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Recovery Through Reinvention

Tara Nattrass profile photo

Tara Nattrass

Dell Technologies

A district leader recently asked me, “How can we find the time and space to innovate and reinvent when we need to focus on recovery?” Through our conversation, we determined that recovery will happen through innovation and reinvention. We can support the wide variety of needs of our students, the challenges faced by educators, and the expectations of our families if we innovate and reinvent our current model of schooling. Recovery is not an alternative to innovation or reinvention – it is a process that is instead strengthened by innovation and, perhaps most critically, supported by reinvention that leads to stronger, more equitable outcomes for students.

We are seeing this happen now as educators and leaders examine their models, practices, and systems in response to the dramatic shifts necessitated by a global pandemic. We are seeing the implementation of virtual and hybrid schools, micro-schools, new staffing models, innovation centers, competency-based learning models, and more. However, these elements of reinvention continue to happen in pockets, despite the recognition that we need broader and more systemic change. We are not seeking to quickly return to “education as usual.” Of critical importance will be addressing not only the problems brought on (or worsened) by the pandemic, but also attending to those systems and structures that did not set students up for success in the first place – and reinvention plays a key role in making this happen.

Showing What’s Possible: Amplifying Reinvention

Change is particularly challenging when we are asking students, educators, and communities to implement something that hasn’t been done before. Most of us have been through school and find it difficult to imagine a model beyond what we experienced. Therefore, a core component of innovation is to demonstrate what’s possible – through case studies, videos, and site visits that amplify the voices of those who are changing the model.

The Learning Accelerator is helping educators and communities overcome this challenge through their Hop, Skip, and Leapfrog Guide. This guide provides concrete examples of the ways educators are shifting to more student-centered learning environments on their journey to reinvention. These examples are key to moving us forward in adopting new practices “that have the power to rapidly accelerate progress and help give all children the full set of skills and competencies they need to thrive today and in the future (Winthrop, 2018).”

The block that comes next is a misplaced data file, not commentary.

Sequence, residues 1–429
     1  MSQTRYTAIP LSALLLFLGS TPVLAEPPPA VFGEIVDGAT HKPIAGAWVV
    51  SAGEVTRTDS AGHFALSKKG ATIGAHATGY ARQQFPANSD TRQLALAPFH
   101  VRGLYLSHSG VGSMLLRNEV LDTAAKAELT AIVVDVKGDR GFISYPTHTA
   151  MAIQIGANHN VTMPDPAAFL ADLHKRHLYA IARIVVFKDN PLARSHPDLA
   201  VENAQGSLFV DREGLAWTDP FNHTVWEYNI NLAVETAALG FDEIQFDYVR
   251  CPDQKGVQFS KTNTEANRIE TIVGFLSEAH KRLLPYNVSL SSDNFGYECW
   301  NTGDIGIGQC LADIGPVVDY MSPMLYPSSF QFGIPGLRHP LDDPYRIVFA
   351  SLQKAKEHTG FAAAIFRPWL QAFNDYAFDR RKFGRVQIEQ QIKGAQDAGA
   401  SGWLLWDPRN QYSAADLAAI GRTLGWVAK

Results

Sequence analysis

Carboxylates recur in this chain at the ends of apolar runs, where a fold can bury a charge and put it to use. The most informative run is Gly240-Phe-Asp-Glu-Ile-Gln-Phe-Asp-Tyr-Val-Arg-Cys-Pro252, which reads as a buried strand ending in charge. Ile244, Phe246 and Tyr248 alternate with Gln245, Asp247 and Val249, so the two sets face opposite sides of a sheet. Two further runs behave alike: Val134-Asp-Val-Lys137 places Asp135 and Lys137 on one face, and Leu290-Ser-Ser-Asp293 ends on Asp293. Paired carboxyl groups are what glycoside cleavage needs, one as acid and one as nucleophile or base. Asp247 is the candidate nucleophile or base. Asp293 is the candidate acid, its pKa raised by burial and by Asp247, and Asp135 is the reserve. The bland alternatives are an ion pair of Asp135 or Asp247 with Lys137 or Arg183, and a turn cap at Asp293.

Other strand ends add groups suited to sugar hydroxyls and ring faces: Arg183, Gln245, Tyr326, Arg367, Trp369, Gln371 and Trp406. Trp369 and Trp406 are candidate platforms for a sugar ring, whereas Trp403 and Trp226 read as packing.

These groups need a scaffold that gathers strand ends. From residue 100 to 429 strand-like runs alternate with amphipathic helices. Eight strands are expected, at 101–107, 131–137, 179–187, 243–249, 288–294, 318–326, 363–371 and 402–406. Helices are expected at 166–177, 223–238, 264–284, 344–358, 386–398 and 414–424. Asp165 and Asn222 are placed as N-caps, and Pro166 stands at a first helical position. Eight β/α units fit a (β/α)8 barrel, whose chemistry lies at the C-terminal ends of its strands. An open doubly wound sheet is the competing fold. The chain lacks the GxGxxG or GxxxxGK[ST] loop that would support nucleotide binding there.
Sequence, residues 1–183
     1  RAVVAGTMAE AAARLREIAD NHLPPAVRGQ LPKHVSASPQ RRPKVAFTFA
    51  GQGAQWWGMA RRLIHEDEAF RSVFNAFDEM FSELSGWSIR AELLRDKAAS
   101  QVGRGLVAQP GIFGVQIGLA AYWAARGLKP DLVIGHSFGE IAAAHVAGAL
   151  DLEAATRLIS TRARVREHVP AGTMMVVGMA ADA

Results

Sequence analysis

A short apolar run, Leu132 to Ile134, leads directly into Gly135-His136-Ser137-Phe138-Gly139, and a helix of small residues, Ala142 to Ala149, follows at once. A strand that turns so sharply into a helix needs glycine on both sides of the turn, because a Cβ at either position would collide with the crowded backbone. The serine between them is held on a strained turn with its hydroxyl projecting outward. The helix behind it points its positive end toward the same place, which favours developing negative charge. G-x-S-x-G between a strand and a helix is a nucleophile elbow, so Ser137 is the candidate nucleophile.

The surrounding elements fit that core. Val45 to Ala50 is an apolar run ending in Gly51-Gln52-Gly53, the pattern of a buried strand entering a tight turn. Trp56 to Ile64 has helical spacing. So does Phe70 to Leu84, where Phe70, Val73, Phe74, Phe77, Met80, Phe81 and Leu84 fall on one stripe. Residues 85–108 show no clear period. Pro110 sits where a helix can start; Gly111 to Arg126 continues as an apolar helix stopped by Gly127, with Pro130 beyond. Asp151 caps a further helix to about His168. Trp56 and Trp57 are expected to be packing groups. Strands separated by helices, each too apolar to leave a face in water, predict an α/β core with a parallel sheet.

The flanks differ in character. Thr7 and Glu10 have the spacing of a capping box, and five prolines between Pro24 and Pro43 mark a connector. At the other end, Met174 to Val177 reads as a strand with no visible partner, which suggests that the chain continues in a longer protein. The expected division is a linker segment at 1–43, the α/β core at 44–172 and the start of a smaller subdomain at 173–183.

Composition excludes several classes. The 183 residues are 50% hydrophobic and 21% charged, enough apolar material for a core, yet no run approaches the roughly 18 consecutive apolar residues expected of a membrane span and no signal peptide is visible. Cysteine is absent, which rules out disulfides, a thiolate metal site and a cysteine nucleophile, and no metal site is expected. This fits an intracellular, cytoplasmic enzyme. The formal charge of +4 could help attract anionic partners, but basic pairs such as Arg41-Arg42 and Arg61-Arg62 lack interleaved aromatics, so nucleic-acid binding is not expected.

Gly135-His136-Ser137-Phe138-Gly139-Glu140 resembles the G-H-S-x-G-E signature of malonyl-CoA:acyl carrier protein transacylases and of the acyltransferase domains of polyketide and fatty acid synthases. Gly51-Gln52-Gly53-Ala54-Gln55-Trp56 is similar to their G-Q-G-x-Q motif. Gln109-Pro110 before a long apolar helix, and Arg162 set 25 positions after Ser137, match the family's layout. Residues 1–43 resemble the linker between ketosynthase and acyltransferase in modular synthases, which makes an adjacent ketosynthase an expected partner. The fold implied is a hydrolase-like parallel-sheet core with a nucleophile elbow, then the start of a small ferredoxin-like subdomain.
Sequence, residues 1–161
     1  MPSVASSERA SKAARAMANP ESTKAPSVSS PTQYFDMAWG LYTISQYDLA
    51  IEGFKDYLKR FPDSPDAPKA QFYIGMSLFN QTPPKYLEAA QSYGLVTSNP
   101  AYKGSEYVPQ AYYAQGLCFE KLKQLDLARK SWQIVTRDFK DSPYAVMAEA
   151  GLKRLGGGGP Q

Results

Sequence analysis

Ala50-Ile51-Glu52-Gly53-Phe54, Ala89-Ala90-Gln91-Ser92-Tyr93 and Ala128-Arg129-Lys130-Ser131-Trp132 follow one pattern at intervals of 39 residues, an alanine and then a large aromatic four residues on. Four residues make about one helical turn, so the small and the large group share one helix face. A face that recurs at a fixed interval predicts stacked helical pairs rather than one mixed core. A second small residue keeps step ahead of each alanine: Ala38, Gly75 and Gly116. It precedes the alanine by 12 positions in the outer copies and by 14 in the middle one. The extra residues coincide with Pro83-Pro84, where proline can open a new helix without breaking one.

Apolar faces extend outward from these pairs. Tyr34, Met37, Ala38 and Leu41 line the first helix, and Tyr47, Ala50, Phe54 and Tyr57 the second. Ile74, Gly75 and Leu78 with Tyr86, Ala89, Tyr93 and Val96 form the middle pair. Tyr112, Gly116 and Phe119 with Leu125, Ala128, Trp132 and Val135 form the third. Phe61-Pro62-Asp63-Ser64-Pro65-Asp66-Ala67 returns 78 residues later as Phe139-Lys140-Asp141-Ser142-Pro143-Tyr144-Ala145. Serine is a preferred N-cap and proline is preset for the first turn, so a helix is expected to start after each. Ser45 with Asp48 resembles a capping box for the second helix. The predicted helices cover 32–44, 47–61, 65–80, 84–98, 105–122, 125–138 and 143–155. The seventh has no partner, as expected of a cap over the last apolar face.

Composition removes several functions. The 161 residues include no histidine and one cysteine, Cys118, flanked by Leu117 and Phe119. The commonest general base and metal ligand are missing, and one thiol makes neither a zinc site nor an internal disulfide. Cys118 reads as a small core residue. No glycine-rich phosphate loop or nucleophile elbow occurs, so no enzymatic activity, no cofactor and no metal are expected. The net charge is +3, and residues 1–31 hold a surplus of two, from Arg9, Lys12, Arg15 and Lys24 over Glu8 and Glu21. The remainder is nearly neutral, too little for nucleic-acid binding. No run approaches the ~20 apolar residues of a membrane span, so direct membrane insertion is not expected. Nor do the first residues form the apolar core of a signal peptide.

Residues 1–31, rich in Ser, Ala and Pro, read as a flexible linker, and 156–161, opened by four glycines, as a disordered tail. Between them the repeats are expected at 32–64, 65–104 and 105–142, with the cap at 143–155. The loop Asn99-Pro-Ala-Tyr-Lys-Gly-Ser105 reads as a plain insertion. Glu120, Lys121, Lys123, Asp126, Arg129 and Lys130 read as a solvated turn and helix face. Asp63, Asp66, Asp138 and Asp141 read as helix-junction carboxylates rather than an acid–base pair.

Using the Hop, Skip, and Leapfrog Guide

Working across schools, districts, and states, I have had the opportunity to use this guide with educators in multiple contexts, all focused on reinventing learning. It has proven to be a valuable resource for providing educators a framework to design innovations because it includes the needed examples to guide their journey. Whether working with district teams focusing on systemic change, technology directors tackling the impact and sustainability of 1:1 models, principals and grade-level teams striving to meet the needs of all students, or media specialists revamping student learning experiences, the guide sparks not only meaningful conversations but also meaningful action through the collaborative process outlined below.

Step One: Focus on the ‘Why’ While Articulating Intended Outcomes

The last several years have amplified the inequities in our education system and demonstrated the need for change. But increased awareness of inequities alone is not enough – we need to be clear on why there is a need to reinvent learning within specific contexts and communities. Before talking through examples of reinvention, we need to engage in a dialogue around our reasons for reinvention. What is driving the need for change? In many instances the “why” focuses on:

  • ensuring systemic and equal outcomes;

  • preparing students for post-secondary experiences through a focus on content, skills, and attributes;

  • adjusting student, family, and community expectations;

  • responding to digital acceleration (e.g., what does learning look like in a world with ChatGPT?); and

  • recruiting and retaining teachers and leaders.

Before delving into potential strategies and solutions, we also need to determine the outcomes that are aligned with our “why.” What is the purpose of school? What are we hoping to achieve for students, staff, families, and communities? What is most important to them?

Step Two: Determine Readiness